Extraverted Intuition

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Extraverted Intuition is one of the eight function-attitudes defined by Carl Jung. Intuition (N) is an outlook that focuses on the “filling in” of experience with [mental] “constructs” such as concepts, hypotheses, or theories, which all involve “larger contexts” or meanings behind things and [non-physical] “patterns”. Even physical or visible things, like in comparing one thing to something separate, but has some sort of inferred similarity. Focusing on a property to compare, like its shape; they have turned into an “idea” (as in "the idea of" things). This is what “could” or “couldn’t” be.
An "extraverted" attitude (e) indicates that this outlook generally draws from the environment; or the outer world of "objects" that the "subject" (individual ego) observes.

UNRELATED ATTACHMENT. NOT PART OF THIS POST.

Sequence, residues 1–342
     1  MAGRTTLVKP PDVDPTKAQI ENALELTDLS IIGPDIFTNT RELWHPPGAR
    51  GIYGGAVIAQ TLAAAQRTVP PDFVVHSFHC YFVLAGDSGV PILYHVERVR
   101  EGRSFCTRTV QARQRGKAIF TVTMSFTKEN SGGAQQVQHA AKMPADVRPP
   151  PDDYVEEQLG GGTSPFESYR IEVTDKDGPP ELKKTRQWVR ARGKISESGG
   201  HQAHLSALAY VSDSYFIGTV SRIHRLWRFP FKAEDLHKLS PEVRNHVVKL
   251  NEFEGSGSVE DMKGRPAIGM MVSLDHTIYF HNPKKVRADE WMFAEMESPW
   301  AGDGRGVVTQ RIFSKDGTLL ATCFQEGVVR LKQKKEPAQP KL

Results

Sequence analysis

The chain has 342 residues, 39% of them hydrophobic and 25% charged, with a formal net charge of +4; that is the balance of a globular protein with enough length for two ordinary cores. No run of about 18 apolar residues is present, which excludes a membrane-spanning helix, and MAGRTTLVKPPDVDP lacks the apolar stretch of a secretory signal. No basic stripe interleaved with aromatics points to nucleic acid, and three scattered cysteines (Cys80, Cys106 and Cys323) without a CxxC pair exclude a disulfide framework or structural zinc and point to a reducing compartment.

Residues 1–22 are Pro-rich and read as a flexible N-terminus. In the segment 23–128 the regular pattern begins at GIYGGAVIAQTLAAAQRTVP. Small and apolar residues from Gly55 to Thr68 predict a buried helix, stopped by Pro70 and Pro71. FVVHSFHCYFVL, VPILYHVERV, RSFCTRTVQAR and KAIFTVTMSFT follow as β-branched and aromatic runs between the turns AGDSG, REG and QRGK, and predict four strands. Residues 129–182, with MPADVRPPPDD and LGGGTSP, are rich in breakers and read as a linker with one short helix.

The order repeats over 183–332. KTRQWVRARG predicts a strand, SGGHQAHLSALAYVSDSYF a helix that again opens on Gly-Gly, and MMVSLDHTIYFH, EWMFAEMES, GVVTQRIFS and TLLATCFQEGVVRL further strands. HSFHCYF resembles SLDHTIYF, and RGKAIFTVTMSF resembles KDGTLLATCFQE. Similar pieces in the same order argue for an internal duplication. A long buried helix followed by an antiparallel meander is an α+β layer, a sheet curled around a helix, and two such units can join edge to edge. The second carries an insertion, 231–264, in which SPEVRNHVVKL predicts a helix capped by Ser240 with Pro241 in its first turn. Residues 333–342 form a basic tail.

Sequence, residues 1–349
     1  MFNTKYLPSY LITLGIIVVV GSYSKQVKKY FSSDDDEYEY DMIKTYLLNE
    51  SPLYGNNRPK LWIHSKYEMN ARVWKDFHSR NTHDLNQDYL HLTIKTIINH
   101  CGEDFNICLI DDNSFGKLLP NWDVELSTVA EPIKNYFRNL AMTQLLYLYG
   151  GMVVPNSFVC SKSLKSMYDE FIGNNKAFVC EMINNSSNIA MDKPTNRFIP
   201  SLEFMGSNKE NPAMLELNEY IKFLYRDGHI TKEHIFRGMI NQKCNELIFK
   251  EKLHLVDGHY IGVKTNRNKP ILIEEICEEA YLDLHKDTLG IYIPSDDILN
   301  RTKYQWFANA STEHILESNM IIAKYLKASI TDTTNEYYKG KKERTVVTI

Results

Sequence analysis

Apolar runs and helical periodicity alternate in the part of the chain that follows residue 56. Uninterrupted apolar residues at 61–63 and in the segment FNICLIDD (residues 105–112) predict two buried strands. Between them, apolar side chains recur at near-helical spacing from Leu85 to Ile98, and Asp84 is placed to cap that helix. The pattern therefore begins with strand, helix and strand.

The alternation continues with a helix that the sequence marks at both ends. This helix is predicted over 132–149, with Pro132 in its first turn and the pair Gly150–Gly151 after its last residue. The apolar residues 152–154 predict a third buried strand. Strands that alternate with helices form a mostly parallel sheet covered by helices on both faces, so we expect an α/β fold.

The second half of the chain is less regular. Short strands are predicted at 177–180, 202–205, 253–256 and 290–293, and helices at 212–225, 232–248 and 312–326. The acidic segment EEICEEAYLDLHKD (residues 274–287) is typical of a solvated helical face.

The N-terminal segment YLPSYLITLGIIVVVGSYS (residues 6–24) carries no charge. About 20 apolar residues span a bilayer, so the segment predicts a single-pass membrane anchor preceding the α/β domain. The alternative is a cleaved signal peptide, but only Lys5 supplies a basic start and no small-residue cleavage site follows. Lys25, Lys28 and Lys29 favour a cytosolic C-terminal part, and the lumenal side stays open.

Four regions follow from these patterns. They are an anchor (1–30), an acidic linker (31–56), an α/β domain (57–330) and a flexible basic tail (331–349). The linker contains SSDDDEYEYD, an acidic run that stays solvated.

So extraverted iNtuition (Ne) can be described as "awareness of hypothetical reality inferred from the environment", where one turns outward to “fill in” experience of objects with mental/ideational constructs such as connections or patterns. Every type does this, but for types who prefer Ne, it will be their main form of information-gathering, rather than intuitive data totally from within (Ni), or sensory "facts" (S). These types will be denoted in the type code by an "N" and a "P"; i.e. "xNxP"; the "P" pointing to iNtuition; as the "Perception" function, as being what is extraverted, or attuned to the environment.
The types holding the function as "dominant" are ENTP and ENFP, while for INTP and INFP, it is "auxiliary". (For SJ types, it is tertiary or inferior, and may also develop at some point in life).

An extraverted iNtuition preference will be marked by particular attention paid to emergent patterns and ideas inferred from the objects themselves, like lifting meaning from one context, and applying it to another.